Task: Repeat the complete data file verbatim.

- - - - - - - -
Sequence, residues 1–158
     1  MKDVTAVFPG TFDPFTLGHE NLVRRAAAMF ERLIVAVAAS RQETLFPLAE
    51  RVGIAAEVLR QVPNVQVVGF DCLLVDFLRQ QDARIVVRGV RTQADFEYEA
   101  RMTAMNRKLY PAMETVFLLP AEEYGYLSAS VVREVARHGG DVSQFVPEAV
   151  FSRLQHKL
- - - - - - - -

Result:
Sequence, residues 1–158
     1  MKDVTAVFPG TFDPFTLGHE NLVRRAAAMF ERLIVAVAAS RQETLFPLAE
    51  RVGIAAEVLR QVPNVQVVGF DCLLVDFLRQ QDARIVVRGV RTQADFEYEA
   101  RMTAMNRKLY PAMETVFLLP AEEYGYLSAS VVREVARHGG DVSQFVPEAV
   151  FSRLQHKL